Syracuse Orange: A seismic shift as schools will be able to directly pay players

College sports have reached a historic moment, as the Syracuse Orange and its peers will be able to directly pay players.
College sports have reached a historic moment, as the Syracuse Orange and its peers will be able to directly pay players. / Rich Barnes-USA TODAY Sports

The Syracuse Orange and its peers around the country have already been dealing with a transformational shift in collegiate athletics, given ongoing conference realignment, the evolution of name, image and likeness opportunities, the explosion of the transfer portal, and other factors.

But as it pertains to college sports and the athletes who play them, another historic moment is upon us.

As multiple media outlets reported in recent days, the NCAA and its major conferences, including the Atlantic Coast Conference, have agreed to let schools directly pay players for the first time since the inception of collegiate athletics.

Per ESPN's Dan Murphy and Pete Thamel, for one, the NCAA and these leagues have come together on a massive agreement to settle several pending antitrust legal cases at the federal level.

According to ESPN, "The NCAA will pay more than $2.7 billion in damages over 10 years to past and current athletes, sources told ESPN. Sources said the parties also have agreed to a revenue-sharing plan allowing each school to share up to roughly $20 million per year with its athletes."

The landscape continues to change for the Syracuse Orange and its peers nationwide.

Let me reiterate just how historic and monumental this is for college sports, whether ultimately for the better or the worse. Per ESPN, Division I athletes "dating back to 2016 are eligible to receive a share as part of the settlement class."

ESPN and other media outlets note that this proposed settlement must be approved by a judge who is overseeing the three pending antitrust cases, and schools would likely begin sharing their revenue with athletes in the fall of 2025, per ESPN.

As Murphy and Thamel report, among others, this proposed agreement could decrease the NCAA's exposure to antitrust legal cases in the future, but the settlement doesn't make all pending issues simply go away.

ESPN, for example, says: "Athletes and their advocates are still fighting to become employees or find other ways to collectively bargain in the future, which could reshape a revenue-sharing agreement."

In a joint statement from NCAA President Charlie Baker and the commissioners of the ACC, the Big Ten, the Big 12, the Pac-12, and the SEC conferences, they wrote, "The five autonomy conferences and the NCAA agreeing to settlement terms is an important step in the continuing reform of college sports that will provide benefits to student-athletes and provide clarity in college athletics across all divisions for years to come. This settlement is also a road map for college sports leaders and Congress to ensure this uniquely American institution can continue to provide unmatched opportunity for millions of students. All of Division I made today's progress possible, and we all have work to do to implement the terms of the agreement as the legal process continues. We look forward to working with our various student-athlete leadership groups to write the next chapter of college sports."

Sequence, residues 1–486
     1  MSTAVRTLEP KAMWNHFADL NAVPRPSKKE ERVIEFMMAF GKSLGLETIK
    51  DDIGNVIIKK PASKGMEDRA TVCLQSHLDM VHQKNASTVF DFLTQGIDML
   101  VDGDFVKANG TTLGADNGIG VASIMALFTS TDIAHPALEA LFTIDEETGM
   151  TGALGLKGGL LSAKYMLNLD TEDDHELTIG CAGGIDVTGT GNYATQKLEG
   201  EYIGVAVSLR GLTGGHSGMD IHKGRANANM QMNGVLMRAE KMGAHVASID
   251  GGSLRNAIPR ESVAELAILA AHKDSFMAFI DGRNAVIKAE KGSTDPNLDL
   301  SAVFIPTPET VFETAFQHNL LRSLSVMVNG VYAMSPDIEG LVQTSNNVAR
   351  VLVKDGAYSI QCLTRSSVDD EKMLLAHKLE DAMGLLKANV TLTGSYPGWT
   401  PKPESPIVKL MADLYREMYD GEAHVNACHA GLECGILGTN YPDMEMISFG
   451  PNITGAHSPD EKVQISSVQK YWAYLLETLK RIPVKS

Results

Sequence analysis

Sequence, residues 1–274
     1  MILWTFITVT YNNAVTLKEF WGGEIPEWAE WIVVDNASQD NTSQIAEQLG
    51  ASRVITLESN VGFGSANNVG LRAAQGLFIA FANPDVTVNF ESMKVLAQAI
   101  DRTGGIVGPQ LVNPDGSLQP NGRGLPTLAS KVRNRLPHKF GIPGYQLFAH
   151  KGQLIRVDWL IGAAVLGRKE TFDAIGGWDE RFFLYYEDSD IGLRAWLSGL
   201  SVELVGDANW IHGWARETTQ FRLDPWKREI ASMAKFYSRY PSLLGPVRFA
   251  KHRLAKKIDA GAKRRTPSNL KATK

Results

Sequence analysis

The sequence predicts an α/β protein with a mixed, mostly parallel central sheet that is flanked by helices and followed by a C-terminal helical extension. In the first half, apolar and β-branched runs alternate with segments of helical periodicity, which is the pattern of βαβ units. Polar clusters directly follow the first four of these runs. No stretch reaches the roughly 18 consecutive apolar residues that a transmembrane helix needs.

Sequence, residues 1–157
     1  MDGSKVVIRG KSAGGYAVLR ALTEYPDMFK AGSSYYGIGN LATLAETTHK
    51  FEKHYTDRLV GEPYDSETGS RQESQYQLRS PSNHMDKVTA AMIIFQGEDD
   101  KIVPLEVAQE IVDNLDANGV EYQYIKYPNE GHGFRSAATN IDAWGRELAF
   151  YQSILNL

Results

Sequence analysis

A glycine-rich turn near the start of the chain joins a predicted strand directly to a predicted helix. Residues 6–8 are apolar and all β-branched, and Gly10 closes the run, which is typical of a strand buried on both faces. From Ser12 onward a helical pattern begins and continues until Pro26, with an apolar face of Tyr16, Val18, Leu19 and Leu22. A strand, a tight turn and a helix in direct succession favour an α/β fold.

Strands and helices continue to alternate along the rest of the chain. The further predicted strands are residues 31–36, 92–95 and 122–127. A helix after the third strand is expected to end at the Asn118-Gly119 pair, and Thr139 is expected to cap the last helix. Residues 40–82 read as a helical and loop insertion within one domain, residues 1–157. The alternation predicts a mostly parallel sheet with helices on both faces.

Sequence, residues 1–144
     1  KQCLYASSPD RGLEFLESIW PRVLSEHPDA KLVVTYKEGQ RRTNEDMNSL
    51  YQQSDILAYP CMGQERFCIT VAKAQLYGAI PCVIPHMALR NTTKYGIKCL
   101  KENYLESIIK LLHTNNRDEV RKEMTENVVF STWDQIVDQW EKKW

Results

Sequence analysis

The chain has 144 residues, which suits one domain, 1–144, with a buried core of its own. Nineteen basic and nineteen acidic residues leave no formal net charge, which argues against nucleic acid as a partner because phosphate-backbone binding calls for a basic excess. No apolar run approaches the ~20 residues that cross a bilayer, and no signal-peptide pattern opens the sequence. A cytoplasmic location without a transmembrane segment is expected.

On3's Pete Nakos put out an interesting piece regarding this proposed settlement and how it relates to NIL and collectives that operate in support of schools nationwide, including the Syracuse Orange.

Last September, commercial NIL collective Orange United launched as the preferred collective for SU Athletics. Orange United is operated by the Atlanta-based Student Athlete NIL ("SANIL").

Nakos, in his article, wrote, "For a platform like Student Athlete NIL (SANIL), revenue sharing could open up a new side of the business. ... Along with developing a platform made to deliver a return on investment for fans and donors, SANIL has set up the infrastructure to be the vehicle on campuses to distribute revenue."

Chris Brown, the CEO of SANIL, told Nakos in part, "There’s going to be a salary level, and collectives are going to be the bonus or that key differentiator."

Syracuse basketball finalizing deal to play in 2025 event with millions in NIL payouts. dark. Next. Syracuse basketball finalizing deal to play in 2025 event with millions in NIL payouts